A video has emerged showing Boris Johnson telling concerned business people in Northern Ireland that they will not have to fill in any forms to export goods to Great Britain.
The Prime Minister states: “There will be no forms, no checks, no barriers of any kind. You will have unfettered access.”
But his claim is at odds with comments from the Brexit secretary last month and from Michael Gove this morning, as well as the government’s official assessment of the Withdrawal Agreement.
‘Throw that form in the bin’
Last night’s video shows Mr Johnson in discussion with a business owner who asks “can I tell my staff we will not be filling in any customs declarations for goods leaving Northern Ireland to go to GB?” Mr Johnson replies: “you can.”
We understand the question came from Irwin Armstrong, who describes himself on Twitter as an “international business founder”, former Vice President and Chair of the Northern Ireland Conservative Party, and ex-board member of the Conservative Party.
The Prime Minister is given several opportunities to change his initial reply, but continues to reiterate his point. He says “if somebody asks you to do that [fill out customs declarations], tell them to ring up the Prime Minister and I will direct them to throw that form in the bin.”
The video ends with Mr Johnson declaring “there will be no forms, no checks, no barriers of any kind. You will have unfettered access.”
Contradicting his own cabinet
Mr Johnson’s claims contradict evidence given to the House of Lords European Union committee last month by Steve Barclay, who said: “The exit summary declarations will be required in terms of NI to GB.”
The Brexit secretary had been forced to return to Parliament to correct earlier comments in which he’d suggested — wrongly — that there would be no need for forms.
And only this morning, there was some wrangling after an earlier video came out showing a different part of Mr Johnson’s speech last night. In that first clip, he said “there will not be checks on goods going from Northern Ireland to Great Britain.”
Michael Gove, one of Mr Johnson’s most senior cabinet colleagues, was asked: “The PM said last night that there will be no checks under the Brexit deal — but there will be customs forms that need to be filled in, do they not count as checks?”
Mr Gove replied: “It will be the case that there will be some administrative processes but in no way are they checks.”
At the time, that was broadly consistent with what Mr Johnson was known to have said (assuming you accept that “administrative processes” are not a form of “check”).
But now that this second video has emerged, Mr Gove’s comments could be seen to undermine the Prime Minister’s case.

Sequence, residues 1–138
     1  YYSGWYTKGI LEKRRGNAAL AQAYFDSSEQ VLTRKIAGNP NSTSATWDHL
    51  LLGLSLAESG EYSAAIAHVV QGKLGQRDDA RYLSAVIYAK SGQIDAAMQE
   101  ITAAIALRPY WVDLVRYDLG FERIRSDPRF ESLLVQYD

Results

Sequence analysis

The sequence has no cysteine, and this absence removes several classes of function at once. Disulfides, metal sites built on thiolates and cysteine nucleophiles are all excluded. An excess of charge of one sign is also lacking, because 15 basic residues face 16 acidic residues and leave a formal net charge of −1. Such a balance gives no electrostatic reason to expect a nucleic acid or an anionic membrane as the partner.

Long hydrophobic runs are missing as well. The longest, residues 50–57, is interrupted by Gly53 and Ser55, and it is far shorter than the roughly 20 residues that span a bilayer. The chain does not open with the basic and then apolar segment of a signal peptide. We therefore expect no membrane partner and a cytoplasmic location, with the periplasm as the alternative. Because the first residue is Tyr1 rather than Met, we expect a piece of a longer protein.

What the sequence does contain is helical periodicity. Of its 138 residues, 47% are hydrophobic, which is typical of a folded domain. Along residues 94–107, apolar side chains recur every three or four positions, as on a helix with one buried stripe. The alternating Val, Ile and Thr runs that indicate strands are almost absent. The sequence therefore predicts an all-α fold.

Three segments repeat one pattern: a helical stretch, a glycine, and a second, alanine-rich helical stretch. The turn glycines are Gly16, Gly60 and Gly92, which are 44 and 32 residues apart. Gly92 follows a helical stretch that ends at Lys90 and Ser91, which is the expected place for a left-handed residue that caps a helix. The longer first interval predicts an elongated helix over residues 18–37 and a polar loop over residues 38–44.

Remember: Boris Johnson’s latest claim is not simply that there will be “no checks”, it’s that there will also be “no forms, no barriers of any kind.” It’s hard to square this much more strident claim with Mr Gove’s comments that there would be “some administrative processes.”
And that “administrative process” language is not unique to Mr Gove. In October, the Home Office wrote to the Home Affairs Select Committee to say that “there will be a minimal administrative process which is designed to prevent, for example, trade in endangered species.”
At odds with the government’s official assessment
Mr Johnson’s assurance that there would be “no forms” required to send goods from Northern Ireland to Great Britain also seems to jar with the government’s official impact assessment, published alongside the Withdrawal Agreement Bill last month.
Discussing “West-East” trade between Northern Ireland and Great Britain, the document states: “Some practical information will need to be provided electronically on movement of goods West-East.”
The impact assessment goes on to say that the arrangements “would result in additional costs” for businesses.
What do the Conservatives say?
A spokesperson for the party told FactCheck: “We will not carry out checks on goods travelling from Northern Ireland to Great Britain. The deal explicitly provides for Northern Ireland having ‘unfettered’ access to Great Britain.
“We have agreed with the EU that we will help them to ensure certain types of good – such as endangered species – are not being exported and will be working with them to work out how to implement this agreement.
“We will not enforce any actual checks on movements into Great Britain. We are confident that we can address the EU’s concerns in such a way that there doesn’t need to be any change to NI-GB trade.
“Northern Ireland can vote to end such a process at any point.”
They did not comment directly on the issue of whether forms would be required, which is what the Prime Minister claimed in the latest video.
Boris Johnson told Northern Irish business people last night: “There will be no forms, no checks, no barriers of any kind. You will have unfettered access,” referring to moving goods from Northern Ireland to Great Britain after Brexit.
But his comments are at odds with his own Brexit secretary who said “exit summary declarations will be required in terms of NI to GB.” Michael Gove and the Home Office have also said that “some administrative processes” would be required.
The government’s official impact assessment of the Brexit deal bill says “some practical information will need to be provided electronically on movement of goods” from Northern Ireland to Great Britain, and that the arrangements will incur costs to business.